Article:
A member of the Rock & Roll Hall of Fame, Calvin Simon made his mark in music with Parliament Funkadelic. But the 74-year-old singer recently shifted focus from funk to Gospel with the release of his second solo album, It’s Not Too Late.
The track list for the new project (October 2016) reads like a synopsis of his high-profile yet inspiring life, which includes stints as a war veteran, rock & roll pioneer, and cancer survivor. Calvin’s powerful story was recently featured on The 700 Club.
It’s an honor for Divine Detour to host this exclusive interview.
At what point did you know that music was to be your life’s work?
When I was seven or eight years old, TV had first come out and we were fortunate enough to have one. I was also just getting into singing. One of the first things I saw on that TV was Nat King Cole, in a white tux, white bow tie with processed hair, playing a white baby grand. He was so suave and the music so smooth, he was just amazing.
There were few people that looked like me on TV at that time, let alone one that was so sophisticated. I decided right then and there, that’s what I intended to do with my life.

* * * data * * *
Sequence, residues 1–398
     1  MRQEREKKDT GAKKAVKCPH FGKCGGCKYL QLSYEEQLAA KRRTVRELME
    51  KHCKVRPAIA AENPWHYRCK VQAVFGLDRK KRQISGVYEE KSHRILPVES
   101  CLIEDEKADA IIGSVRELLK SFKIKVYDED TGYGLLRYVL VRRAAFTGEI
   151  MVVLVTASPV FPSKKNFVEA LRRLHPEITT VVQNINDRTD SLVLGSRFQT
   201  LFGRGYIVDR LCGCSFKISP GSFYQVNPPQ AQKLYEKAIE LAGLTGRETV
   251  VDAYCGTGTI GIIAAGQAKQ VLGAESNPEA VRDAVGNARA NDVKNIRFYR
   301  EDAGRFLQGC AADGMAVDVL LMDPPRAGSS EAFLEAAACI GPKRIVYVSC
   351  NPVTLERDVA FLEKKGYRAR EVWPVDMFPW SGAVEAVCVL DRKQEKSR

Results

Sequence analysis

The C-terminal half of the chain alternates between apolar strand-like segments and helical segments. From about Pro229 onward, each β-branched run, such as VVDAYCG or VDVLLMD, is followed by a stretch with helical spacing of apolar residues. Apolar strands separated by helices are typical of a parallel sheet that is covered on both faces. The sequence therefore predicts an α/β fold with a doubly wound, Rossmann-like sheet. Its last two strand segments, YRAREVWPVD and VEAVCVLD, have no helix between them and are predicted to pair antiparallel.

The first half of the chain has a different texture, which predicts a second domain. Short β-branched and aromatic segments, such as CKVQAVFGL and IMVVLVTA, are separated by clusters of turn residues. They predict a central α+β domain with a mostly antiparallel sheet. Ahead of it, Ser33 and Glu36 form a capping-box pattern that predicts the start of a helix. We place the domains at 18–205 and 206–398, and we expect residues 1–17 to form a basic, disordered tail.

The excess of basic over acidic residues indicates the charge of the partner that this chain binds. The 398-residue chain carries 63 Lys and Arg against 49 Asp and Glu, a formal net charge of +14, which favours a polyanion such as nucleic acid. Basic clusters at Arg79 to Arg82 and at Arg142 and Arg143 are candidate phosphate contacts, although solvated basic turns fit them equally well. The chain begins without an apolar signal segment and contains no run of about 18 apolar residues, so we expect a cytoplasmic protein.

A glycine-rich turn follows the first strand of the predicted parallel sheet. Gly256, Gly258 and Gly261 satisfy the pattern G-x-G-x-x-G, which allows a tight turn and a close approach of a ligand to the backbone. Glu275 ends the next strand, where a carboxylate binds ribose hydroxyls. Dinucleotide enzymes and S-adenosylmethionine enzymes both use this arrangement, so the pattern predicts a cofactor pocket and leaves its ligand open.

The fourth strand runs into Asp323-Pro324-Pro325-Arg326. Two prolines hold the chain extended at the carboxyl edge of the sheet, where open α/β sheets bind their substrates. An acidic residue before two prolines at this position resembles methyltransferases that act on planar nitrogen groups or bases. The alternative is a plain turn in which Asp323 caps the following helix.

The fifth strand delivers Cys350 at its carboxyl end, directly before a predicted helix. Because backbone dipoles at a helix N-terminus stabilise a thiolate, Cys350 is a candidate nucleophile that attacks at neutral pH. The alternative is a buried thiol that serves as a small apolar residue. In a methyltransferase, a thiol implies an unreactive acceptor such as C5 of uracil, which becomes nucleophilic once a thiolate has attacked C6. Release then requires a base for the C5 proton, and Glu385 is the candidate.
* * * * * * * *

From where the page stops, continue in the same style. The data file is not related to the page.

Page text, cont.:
Your music career has certainly been about change, redirection, detours. What specifically led you from “Funkadelic” into Gospel?
When I was fourteen in Beckley, WV, I had a family situation that ultimately lead to a forced relocation to NJ. This move tore me away from not only the only family I knew, but also my own church. As a result, this move left a hole and for several generations led me looking for something new to fill the lost connection. This relocation was less than successful, and at sixteen I found myself completely on my own.
Searching to regain lost connections, music was even then the one constant. The search led me to becoming a founding member of the do-op group The Parliaments, which became the stepping stone to Parliament Funkadelic. I began to find pieces of what I lost within music and every advancement was another piece that seemed to come back. But even with the successes, it was never quite whole. It wasn’t until I turned back to Jesus and the church that I finally felt whole again. Jesus was the piece that music could never replace.